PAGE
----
3 Signs Taking A 'Break' Probably Means The End Of Your Relationship

by Alex Turcotte

"I think we should take a break..."

We will all experience this at least once in our strategic endeavors to find "the one." Whether it is caused from frequent arguments, jealousy or one-sided feeling, "taking a break" is something we are all confronted with at one point or another.

If you are on the receiving end of this shitty arrangement, one of the first thoughts that will come to your mind is that this break is just a way for your partner to not deal with the inevitable breakup they truly want.

Now, in the few cases in which the person initiating the break really does just want to reconsider and re-evaluate themselves for a couple of months or weeks (and there is a mutual understanding regarding rules and distance), it can prove beneficial to both parties. It can also ultimately save your relationship with the person.

I am not here to talk to you today about those rare cases.

Instead, I am here to tell you that oftentimes, you will be a victim of the rule, not the exception. In other words, it probably won't work out.

Here are the reasons why:

1. A "break" is a lie.

This is the number one way to tell if your partner genuinely wants to end it with you, but they are just being too much of a shady douchebag to honestly do it.

I had multiple experiences with this when my partner of two years decided he wanted to take a break to "find himself" and work out his own issues at the time.

Lo and behold, I began to notice his words and his actions didn't necessarily match up in the already confusing situation.

He told me he deleted his social media accounts because they were "making him depressed," but he then made new profiles on each outlet, blocked me on them and began actively using them.

This should have been an immediate red flag to me, but as I began to succumb to wishful thinking, his excuses for why he made the accounts made sense to me at the time.

Under no circumstances should you accept someone lying to you just to appease them or keep them around. This is a major sign something sketchy is going on, and this person is simply stringing you along.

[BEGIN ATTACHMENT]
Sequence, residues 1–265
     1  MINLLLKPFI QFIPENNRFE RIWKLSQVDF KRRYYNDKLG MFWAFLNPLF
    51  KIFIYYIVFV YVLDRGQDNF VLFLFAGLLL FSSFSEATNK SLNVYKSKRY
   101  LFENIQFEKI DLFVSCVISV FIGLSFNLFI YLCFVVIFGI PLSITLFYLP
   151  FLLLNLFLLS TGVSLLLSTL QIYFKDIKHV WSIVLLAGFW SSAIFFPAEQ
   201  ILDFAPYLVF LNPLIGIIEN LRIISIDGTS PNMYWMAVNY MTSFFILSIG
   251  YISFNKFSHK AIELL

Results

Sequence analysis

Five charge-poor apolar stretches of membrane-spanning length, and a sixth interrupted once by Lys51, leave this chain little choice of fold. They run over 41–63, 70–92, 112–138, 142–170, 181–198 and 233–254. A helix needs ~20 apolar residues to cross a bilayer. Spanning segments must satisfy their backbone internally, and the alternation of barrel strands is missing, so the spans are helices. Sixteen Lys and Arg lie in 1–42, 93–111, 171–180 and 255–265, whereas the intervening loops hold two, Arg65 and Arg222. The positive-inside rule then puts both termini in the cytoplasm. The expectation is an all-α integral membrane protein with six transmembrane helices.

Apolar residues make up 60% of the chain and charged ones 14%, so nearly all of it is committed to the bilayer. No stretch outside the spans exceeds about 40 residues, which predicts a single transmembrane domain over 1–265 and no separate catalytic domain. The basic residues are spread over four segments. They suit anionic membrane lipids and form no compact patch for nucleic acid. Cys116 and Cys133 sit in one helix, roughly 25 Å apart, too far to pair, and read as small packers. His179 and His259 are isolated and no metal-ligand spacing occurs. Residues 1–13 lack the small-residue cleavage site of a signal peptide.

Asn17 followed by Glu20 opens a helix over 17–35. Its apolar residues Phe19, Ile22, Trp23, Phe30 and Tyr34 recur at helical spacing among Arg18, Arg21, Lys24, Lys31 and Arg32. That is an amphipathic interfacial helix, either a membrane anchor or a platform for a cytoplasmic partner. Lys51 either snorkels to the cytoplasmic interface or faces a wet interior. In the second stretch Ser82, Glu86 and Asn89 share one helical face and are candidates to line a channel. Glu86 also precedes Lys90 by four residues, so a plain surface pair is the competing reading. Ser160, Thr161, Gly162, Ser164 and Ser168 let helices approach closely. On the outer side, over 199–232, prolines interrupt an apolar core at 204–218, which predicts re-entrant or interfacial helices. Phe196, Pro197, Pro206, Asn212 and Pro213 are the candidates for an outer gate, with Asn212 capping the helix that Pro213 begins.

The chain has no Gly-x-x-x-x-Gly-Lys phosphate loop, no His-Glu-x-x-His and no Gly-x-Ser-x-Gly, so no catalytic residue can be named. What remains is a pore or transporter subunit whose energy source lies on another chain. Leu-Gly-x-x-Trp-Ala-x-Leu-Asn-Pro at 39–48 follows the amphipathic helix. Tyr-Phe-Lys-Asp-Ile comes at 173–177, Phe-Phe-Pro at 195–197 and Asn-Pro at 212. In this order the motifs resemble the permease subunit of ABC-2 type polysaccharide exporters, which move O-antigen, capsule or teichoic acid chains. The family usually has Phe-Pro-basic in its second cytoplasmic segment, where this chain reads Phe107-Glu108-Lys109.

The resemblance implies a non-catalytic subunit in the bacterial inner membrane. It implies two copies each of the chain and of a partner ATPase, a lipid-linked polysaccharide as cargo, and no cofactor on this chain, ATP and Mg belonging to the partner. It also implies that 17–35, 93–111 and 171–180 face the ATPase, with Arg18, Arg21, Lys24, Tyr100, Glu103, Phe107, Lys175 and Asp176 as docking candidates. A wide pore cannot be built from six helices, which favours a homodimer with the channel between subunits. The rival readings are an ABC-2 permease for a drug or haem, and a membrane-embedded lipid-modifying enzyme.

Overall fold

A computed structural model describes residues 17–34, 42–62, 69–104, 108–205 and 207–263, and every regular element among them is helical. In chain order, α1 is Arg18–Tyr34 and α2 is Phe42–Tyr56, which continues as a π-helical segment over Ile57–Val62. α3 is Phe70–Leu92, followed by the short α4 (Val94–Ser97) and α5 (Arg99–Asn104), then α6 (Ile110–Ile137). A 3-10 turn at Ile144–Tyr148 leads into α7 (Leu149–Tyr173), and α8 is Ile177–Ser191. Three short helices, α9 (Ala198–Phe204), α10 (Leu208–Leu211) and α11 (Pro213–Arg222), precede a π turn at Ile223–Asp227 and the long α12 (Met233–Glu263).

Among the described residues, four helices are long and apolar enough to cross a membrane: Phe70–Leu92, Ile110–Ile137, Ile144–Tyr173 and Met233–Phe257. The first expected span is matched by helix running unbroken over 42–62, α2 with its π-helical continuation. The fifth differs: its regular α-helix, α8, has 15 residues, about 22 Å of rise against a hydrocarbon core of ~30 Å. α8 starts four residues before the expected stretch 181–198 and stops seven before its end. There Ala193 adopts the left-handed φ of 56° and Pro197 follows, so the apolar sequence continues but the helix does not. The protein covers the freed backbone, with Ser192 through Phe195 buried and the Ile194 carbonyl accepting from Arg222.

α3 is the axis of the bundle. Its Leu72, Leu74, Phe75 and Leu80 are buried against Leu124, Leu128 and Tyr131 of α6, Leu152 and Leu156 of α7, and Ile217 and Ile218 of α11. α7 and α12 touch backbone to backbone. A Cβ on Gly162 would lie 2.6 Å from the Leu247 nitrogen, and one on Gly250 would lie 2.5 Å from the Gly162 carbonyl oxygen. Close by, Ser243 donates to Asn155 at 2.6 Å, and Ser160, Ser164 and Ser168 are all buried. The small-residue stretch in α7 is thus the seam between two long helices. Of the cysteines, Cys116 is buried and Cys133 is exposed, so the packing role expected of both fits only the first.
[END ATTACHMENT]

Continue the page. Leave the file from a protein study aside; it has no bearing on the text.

If they are not honest with you during this crucial time (in which communication should be most productive), then who is to say they didn't lie to you initially about this period being temporary, or that this has nothing to do with you?

Being the victim of lying during this time can make you feel pathetic and like you're not a priority.

If they continue to say things to you like, "You're the love of my life," "I promise this is temporary" or "I feel the same way about you that I've always felt" and then lie to you, there is something inconsistent and unreliable going on there.

2. Guidelines you established will be broken.

The healthiest way to go about a break with your significant other is to establish set rules that are to be followed by both parties to ensure both people feel connected to each other, while still providing distance in order to become more self-reliant again.

Examples of rules that could be set during this time are questioning things like: Will we see other people? How often should we communicate in person or through social media? What goals do we want to reach during this time?

This is a crucial part in a successful break because if both parties follow the rules, it prevents feelings from getting hurt and misunderstandings. It also promotes healthy communication that can be taken back into the relationship when the break is over.

In my case, I attempted to establish set guidelines with my SO, only to have them be followed initially. They were then abandoned by the end of our relationship.